Since this SP-600 had no markings or serial number visible anywhere it is hard to place in among the various models of the SP-600. The opening photo on this page is the actual front panel of my SP-600. It had a stock 2 wire lamp cord style power cord and plug which I replaced with a three wire cord and grounded plug. My first project was the removal and replacement of all of the bathtub style capacitors. Doing this makes it much easier to reach components as the replacements are a fraction of the original size.
The SP-600 offers a great deal of voltage selection taps on the power transformer primary. The default is the 117 volt tap which would produce almost exactly 6.3VAC filament voltage if it was selected and that primary voltage was supplied. If you don't want to solid-state the supplies and your line voltage is in that area then you might decide to not solid-state. I am a big advocate of solid-stating the supplies for a number of reasons. It eliminates about 15 watts of wasted power and heat and it also frees up a 5V winding to use as a boost or buck of the primary. Since the SP-600 has taps at 95, 108, 117, 130, and higher voltages using a buck or boost of 5 volts on these ranges gives you quite a bit of leeway.
The radio is spec'ed at a nominal 117VAC input and typically that tap is the one selected. Hammarlund used a 5R4 rectifier tube and it is unclear why they used this type, as it is typically used at higher voltages. I suspect it was for reliability as this radio was designed to run 24/7/365! The 5R4 has a wider filament to plate spacing to accommodate higher voltages, but this also leads to a higher voltage loss in the tube, typically 40 volts or more. When installing a solid-state replacement for the 5R4 this loss does not exist and thus the B+ is increased significantly. Fortunately, the stock SP-600 has a capacitive input power supply with two chokes. This allows the removal of the first capacitor and the increasing of the second and third capacitor values, thus making it a choke input power supply. This is the preferred power supply design as it has better regulation and is much easier on the replacement diodes, there is no need for any additional series resistance. This also lowers the B+ back down to a very reasonable value and actually slightly less than the design voltage, which is a good thing. Because my line voltage is very steady at about 121V, I used the now unused 5V winding to buck the primary. This gave me almost exactly 6.3VAC for the filaments, another design goal. Removing these two tubes reduced the power consumption by about 15 watts and reduces the chassis heat considerably. The B+ runs around 240-250VDC. Here are the steps for the solid-state mod.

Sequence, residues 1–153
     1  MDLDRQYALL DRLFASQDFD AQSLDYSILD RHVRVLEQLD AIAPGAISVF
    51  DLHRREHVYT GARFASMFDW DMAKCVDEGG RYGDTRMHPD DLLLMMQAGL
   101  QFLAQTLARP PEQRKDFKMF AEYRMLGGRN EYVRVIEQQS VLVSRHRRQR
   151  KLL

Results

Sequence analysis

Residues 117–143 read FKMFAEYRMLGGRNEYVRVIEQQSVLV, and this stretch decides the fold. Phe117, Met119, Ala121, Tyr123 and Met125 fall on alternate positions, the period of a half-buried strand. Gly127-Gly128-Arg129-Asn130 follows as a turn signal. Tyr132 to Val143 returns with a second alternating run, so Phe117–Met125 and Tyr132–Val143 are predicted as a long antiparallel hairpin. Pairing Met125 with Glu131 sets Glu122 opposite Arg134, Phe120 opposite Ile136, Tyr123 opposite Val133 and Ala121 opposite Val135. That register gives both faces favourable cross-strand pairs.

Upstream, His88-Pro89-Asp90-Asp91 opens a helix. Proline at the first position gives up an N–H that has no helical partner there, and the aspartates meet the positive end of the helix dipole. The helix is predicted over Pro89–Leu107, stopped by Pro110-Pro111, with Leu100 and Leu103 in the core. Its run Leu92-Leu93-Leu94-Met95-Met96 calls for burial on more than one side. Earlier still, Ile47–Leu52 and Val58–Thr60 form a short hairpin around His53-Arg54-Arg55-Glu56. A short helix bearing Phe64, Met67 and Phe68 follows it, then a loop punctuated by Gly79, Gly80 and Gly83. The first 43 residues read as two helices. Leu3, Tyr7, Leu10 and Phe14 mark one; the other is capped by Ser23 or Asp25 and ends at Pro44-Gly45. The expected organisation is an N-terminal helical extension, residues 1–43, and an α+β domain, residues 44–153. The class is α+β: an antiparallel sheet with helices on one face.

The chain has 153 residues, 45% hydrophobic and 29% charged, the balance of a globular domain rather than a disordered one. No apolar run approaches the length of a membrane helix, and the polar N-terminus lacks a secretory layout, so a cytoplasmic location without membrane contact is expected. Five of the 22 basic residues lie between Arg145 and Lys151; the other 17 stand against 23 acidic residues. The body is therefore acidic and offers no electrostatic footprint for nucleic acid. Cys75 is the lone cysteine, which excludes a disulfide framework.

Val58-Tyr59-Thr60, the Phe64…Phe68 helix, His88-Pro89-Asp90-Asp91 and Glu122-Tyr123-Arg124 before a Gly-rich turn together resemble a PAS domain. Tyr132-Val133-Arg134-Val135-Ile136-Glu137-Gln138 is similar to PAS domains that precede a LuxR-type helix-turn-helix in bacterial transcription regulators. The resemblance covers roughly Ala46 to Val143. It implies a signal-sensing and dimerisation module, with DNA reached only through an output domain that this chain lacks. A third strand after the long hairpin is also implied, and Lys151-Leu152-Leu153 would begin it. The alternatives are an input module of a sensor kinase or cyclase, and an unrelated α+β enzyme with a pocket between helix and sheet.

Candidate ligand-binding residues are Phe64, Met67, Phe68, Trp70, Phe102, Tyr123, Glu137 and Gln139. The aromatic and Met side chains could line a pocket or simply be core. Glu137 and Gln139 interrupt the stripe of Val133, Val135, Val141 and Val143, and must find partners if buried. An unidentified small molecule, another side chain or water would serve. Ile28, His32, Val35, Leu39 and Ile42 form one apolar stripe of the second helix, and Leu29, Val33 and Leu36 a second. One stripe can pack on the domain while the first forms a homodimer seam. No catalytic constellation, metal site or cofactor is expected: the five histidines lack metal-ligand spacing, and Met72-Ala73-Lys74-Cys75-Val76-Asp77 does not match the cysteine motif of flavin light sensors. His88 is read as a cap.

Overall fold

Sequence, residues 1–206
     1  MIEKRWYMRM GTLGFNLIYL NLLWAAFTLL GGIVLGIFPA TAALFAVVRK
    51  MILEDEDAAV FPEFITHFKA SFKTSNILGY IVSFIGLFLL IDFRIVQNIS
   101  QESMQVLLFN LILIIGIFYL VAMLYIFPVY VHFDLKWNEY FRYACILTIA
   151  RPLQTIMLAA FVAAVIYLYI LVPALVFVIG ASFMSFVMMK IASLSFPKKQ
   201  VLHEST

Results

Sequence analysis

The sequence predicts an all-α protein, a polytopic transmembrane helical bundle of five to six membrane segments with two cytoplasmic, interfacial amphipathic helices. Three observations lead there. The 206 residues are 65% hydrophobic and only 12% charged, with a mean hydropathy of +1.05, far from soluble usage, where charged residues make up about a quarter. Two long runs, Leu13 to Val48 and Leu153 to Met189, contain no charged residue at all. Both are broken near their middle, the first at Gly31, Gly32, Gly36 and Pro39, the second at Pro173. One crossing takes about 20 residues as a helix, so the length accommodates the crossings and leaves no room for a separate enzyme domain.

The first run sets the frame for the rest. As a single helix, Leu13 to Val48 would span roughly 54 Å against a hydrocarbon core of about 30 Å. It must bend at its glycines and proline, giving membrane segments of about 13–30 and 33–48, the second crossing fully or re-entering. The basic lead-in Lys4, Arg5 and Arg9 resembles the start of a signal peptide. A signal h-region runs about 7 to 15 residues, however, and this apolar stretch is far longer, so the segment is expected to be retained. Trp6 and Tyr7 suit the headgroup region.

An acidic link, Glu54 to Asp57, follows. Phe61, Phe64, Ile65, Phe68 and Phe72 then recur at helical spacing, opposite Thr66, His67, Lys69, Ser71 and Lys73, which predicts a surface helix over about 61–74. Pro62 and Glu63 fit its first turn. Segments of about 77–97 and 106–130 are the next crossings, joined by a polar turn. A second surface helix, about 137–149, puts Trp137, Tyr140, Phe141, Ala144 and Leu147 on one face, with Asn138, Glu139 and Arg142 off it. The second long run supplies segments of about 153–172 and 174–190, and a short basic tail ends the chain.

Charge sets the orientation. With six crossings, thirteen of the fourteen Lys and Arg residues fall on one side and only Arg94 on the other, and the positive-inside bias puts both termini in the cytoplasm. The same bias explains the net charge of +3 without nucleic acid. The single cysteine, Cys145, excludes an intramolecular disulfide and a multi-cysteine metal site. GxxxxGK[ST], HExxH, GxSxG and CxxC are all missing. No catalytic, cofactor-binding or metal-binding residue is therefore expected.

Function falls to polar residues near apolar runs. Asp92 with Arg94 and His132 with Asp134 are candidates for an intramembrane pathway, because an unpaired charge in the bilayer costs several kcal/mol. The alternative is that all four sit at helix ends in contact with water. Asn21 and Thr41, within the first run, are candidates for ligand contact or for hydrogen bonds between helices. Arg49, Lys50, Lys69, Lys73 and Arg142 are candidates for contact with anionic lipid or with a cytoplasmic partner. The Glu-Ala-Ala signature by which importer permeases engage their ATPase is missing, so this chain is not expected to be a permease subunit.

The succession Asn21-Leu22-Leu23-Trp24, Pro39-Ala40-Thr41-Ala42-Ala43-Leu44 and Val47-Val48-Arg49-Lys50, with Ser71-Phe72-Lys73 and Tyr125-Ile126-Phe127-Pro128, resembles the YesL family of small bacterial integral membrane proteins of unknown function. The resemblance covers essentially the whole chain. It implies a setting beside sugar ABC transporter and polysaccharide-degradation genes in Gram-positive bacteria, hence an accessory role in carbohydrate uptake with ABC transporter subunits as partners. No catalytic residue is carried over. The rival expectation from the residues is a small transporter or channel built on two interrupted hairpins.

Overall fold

Note - Capacitor values are increased from stock and I would suggest using these values or higher. These capacitors are a fraction of the physical size of the old stock lower values.
It was suggested to use a surge device to keep turn on B+ at a reasonable level until the tubes heated and full current was drawn. I found this to not be necessary as the choke input filter arrangement in combination with the instant on gas regulator tube instantly drawing critical current resulted in a very reasonable turn on voltage. The other issue with a current limiter is that they are often prone to failure and it is no fun taking this thing out of the rack for repair!
Hammarlund Radio Links
This page last updated 12/31/2021